2018—In the course of applying the Supreme Court’s existing abortion regime to enjoin a Mississippi law that prohibits abortions after fifteen weeks of gestation, federal district judge Carlton W. Reeves can’t refrain from littering his opinion (in Jackson Women’s Health Organization v. Currier) with various injudicious and ill-considered remarks. He contends, for example, that the Mississippi legislature’s professed interest in women’s health “is pure gaslighting” and that the law he is reviewing “is closer to the old Mississippi—the Mississippi bent on controlling women and minorities.” He similarly opines that “[t]he fact that men, myself included, are determining how women may choose to manage their reproductive health is a sad irony not lost on the Court.”
Reeves seems not to have contemplated that many women in Mississippi supported the law that he enjoined, or that the legality of abortion is a matter susceptible to moral reasoning by men and women, or that a permissive abortion regime might well multiply the instances in which a pregnant woman experiences “anxiety and turmoil.”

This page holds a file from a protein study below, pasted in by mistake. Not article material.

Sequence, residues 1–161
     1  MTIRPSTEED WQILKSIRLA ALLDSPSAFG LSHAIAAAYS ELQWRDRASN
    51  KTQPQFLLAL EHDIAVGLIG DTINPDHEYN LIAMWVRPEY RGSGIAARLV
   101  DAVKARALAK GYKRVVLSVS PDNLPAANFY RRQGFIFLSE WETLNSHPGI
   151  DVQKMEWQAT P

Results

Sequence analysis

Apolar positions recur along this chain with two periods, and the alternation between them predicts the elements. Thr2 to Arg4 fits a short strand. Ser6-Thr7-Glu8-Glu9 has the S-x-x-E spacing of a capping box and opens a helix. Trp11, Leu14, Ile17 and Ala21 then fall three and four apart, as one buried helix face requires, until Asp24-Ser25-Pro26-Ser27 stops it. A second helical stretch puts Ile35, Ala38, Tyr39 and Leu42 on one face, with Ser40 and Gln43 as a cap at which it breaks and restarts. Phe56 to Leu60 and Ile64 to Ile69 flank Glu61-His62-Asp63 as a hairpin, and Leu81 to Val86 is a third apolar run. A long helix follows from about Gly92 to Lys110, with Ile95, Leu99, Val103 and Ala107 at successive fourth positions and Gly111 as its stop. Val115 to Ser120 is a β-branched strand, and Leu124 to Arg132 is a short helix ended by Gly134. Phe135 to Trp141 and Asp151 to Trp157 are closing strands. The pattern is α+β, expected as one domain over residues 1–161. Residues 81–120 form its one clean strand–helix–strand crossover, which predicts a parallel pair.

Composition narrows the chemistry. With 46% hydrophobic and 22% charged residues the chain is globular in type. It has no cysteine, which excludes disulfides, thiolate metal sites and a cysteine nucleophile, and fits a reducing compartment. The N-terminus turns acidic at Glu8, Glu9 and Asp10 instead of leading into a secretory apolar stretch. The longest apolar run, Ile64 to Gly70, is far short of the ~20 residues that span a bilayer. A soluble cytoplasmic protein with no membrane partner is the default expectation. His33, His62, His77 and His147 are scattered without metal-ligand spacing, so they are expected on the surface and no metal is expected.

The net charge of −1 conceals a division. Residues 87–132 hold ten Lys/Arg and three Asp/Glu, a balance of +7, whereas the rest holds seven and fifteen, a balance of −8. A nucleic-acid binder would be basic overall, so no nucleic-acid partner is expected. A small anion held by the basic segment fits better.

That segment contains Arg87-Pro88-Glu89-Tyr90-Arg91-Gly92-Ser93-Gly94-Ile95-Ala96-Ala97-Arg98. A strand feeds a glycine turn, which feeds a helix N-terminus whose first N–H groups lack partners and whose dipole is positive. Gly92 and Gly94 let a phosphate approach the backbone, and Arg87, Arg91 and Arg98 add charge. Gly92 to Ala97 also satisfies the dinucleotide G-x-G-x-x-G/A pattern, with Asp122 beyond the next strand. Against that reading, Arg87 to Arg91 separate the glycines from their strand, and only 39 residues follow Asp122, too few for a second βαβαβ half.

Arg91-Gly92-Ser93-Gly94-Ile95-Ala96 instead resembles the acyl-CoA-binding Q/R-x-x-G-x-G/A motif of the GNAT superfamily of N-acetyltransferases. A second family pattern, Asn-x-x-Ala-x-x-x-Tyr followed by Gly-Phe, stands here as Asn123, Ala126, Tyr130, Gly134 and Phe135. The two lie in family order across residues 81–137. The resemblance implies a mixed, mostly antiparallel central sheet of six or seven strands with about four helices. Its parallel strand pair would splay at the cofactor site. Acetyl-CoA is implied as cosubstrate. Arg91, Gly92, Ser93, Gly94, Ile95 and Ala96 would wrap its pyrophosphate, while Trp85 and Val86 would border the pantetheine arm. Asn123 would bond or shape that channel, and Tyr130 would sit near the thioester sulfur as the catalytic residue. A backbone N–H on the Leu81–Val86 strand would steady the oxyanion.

This case, styled Dobbs v. Jackson Women’s Health Organization, is now pending in the Supreme Court.
2020—Never mind the Supreme Court’s warning just three years earlier that “expanding the Bivens remedy” (i.e., judicial invention of an implied damages remedy for the violation of a constitutional right) “is now a ‘disfavored’ judicial activity.” In his opinion for a unanimous Ninth Circuit panel in Boule v. Egbert, Judge William Fletcher extends Bivens to two new contexts, one involving the First Amendment and the other involving the Fourth Amendment near the national border.
In May 2021, twelve judges (including one Democratic appointee) will dissent from the Ninth Circuit’s denial of en banc rehearing.